Google’s Project Loon is likely to take-off in India after a four days trial in either Andhra Pradesh or Maharashtra. The aim of the company is to provide internet access to remote areas which are void of Internet connectivity. Other countries including Brazil, Australia, New Zealand, Indonesia, United States and Sri Lanka are also conducting trials of this futuristic project.
The Project was announced way back in 2013 by Google to provide high-speed internet in remote areas and in turn accumulate a number of users. Google Project Loon incorporates Helium-filled balloons that will hover at an altitude of 20 Km and would cover a radius of 40Kms providing LTE- level high-speed internet.
Earlier, the Project had to stumble through a lot of hurdles from the Indian Ministry. The IT Ministry seemed sceptical that the Google’s Project Loon may interfere with the existing cellular networks as it also uses the same network bands as that of other service providers. Along with the IT Ministry, Home and Defense Ministry also seemed dubious regarding the fact that Project Loon may also cause disturbance insecurity and military surveillance. Besides all such hurdles, Aviation Ministry was also suspicious about the Project that it may hinder the flight’s path.
The telecom operators also raised the issue of allowing the Project Loon in India without charging a single penny by the Government. To counter that Google has partnered with indigenous Telecom supplier BSNL for the project. Few other reports signal that the internet giant may use 2500 MHz spectrum which will not hinder with the existing spectrum band allocated to cellular providers in India.
Some time ago, Google also launched its Free Wi-Fi project partnered with Railtel that offers free and fast internet across a number of Railway stations in India. Earlier, Facebook tried to rope in the mass number of internet users in India by introducing Free Basics, but due to its incompatibility with Net-Neutrality, the Indian Government slashed the project.
Why the search giant is so optimistic about India
Firstly, a considerable share of revenue of Google is served by Digital Advertisements. It’s a simple equation: expanding internet connectivity will result in the increased number of internet users across India, who will, in turn, use Google’s services and the company will be having access to millions of people to serve them with advertisements.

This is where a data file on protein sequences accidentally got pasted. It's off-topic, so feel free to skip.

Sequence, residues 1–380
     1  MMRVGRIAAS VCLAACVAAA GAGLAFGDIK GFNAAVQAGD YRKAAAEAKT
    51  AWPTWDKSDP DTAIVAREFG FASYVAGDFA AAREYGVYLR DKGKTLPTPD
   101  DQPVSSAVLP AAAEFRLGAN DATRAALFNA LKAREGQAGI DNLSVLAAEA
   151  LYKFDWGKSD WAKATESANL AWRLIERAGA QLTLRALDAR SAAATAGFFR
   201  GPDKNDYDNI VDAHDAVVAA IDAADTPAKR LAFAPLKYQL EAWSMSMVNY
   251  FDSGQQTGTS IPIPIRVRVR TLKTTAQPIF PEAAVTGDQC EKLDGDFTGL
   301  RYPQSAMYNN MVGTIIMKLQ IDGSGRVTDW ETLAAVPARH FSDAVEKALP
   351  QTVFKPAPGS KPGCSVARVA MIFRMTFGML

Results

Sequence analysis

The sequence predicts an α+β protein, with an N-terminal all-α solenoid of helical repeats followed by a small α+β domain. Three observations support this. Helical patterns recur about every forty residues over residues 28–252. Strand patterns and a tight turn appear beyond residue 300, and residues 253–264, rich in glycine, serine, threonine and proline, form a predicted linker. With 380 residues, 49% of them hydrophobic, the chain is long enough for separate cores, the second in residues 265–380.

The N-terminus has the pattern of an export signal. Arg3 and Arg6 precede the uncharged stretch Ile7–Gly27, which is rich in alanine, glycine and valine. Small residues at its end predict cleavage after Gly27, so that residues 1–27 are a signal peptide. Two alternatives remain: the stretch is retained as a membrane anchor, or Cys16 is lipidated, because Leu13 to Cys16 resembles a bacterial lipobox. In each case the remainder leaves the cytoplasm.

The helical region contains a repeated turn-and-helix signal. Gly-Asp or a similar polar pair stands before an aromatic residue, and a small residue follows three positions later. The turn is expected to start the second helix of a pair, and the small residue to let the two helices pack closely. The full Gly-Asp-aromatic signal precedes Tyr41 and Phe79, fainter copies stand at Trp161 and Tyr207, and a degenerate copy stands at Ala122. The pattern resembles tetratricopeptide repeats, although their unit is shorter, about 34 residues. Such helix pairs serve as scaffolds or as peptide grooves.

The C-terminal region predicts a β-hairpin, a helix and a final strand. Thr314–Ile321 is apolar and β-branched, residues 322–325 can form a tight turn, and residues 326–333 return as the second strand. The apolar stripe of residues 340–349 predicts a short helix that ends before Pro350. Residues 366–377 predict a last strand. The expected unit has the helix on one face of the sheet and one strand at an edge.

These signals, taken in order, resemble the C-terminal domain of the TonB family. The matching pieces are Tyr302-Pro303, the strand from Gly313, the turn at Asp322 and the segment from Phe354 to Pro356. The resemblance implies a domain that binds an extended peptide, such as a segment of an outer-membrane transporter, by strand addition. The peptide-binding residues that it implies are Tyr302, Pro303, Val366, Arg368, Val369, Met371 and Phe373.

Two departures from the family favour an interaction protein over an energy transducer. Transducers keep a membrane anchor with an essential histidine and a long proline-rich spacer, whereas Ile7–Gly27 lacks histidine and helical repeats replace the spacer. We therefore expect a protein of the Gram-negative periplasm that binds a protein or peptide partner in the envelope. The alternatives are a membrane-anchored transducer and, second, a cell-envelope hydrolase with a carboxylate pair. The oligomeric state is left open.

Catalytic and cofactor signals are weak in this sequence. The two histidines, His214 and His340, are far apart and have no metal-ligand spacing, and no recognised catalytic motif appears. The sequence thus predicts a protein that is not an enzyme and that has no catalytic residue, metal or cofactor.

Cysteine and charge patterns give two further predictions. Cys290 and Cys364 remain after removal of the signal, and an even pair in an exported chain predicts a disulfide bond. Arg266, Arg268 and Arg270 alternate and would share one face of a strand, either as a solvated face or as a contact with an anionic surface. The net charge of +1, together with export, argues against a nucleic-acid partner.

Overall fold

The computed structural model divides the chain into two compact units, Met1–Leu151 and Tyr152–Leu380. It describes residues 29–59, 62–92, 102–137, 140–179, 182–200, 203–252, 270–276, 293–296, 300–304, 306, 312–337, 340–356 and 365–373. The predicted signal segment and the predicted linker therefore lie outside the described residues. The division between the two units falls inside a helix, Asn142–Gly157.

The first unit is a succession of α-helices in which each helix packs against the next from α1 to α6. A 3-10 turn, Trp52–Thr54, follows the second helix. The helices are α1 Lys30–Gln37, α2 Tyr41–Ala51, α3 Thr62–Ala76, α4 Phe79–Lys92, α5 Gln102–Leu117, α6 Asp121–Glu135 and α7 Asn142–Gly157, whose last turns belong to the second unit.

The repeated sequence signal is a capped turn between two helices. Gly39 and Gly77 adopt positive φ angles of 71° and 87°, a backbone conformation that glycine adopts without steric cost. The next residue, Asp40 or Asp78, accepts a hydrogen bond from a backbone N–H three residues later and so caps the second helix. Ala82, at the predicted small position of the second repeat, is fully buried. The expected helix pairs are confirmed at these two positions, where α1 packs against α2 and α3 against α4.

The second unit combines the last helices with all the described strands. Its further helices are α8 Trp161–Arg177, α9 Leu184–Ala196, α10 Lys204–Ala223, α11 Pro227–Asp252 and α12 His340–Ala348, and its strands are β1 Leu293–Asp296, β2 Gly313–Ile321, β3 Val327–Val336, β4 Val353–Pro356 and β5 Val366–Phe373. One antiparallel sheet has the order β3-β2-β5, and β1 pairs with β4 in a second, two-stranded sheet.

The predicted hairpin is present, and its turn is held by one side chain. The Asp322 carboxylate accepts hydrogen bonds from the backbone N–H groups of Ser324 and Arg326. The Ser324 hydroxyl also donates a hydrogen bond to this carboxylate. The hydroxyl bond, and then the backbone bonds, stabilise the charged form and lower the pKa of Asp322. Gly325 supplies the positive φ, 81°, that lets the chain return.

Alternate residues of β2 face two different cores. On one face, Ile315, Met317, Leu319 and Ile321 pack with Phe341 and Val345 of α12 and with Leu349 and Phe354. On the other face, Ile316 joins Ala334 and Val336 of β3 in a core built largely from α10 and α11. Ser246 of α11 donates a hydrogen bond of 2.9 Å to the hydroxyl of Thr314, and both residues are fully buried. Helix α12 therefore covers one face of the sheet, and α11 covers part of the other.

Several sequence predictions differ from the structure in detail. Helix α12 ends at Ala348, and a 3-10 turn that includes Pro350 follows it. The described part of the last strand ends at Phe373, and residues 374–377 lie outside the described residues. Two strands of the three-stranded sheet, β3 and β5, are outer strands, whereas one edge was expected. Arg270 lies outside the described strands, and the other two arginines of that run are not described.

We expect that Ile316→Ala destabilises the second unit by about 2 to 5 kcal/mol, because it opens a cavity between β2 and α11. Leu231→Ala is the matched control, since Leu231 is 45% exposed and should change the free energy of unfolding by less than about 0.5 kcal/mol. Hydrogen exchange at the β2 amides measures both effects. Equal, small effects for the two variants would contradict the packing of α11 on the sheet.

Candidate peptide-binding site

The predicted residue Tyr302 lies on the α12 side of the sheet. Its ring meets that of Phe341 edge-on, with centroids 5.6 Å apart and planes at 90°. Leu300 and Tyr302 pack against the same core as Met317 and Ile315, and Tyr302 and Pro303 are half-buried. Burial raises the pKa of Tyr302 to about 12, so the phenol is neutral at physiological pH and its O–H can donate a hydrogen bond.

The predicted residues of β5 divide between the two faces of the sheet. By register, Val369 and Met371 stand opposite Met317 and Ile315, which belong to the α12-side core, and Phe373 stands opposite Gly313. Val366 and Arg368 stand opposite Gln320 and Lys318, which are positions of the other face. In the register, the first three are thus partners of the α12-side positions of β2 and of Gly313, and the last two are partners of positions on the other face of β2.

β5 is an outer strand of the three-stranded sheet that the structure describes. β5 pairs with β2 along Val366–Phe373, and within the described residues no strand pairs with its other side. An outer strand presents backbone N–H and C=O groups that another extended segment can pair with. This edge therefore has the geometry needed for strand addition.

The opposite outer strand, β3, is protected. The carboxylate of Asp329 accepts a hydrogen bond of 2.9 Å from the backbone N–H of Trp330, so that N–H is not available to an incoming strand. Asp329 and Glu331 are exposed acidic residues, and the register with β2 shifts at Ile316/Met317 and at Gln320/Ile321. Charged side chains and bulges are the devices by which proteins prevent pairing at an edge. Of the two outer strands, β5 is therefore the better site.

According to Statista, the search giant recorded a whopping $67.39 billion dollars of revenue through advertisements in 2015. If we talk about the percentage, Google’s 90.4% of the total revenue in 2015 was catered by advertising.
Secondly, a whopping 900 million people in India are still void of Internet. That states that only 22% of the total population of India had access to the internet by the end of 2015. A report by IAMAI predicts that total internet users in India will rise to 462 million by June 2016 recording a 31% YoY growth.
Despite all above fascinating growth figures, a large chunk of the Indian population doesn’t have access to the internet. A majority of Internet void population in India lives in Tier-2 and Tier-3 cities where an even adequate amount of electricity is hard to serve. The country needs some out-of-box solution to connect those millions of people with the internet as fast as possible. Project Loon seems to be a silver lining for India’s remote areas as even with the use of minimal infrastructure it can provide a faster internet.
The Challenges of Google Project Loon:
Google’s rivals Microsoft and Facebook are also testing their devices that provide free internet. After Tim Cook, Microsoft’s CEO, Satya Nadella will be visiting India on May 10th and the main purpose of his visit revolves around engulfing Microsoft’s futuristic White-Fi (White Space Spectrum) technology, which will also provide internet access in remote areas of India.
Facebook is also not left behind; its solar powered Aquila drones are designed and developed to provide internet access to the remote areas. The drones will be able to fly for 3 months in a single go without landing and is fitted with laser communication system. The striking feature of the technology is that it’ll be able to provide 10 Gbps of data. The drones will fly between 60,000 to 90,000 feet above the ground.
With so much of focus being received by top tech giants, India is heading towards the era of the internet in a true sense. While there are few underlying challenges as well, but it would be interesting to see how soon and how many people in India onboard the internet through such channels.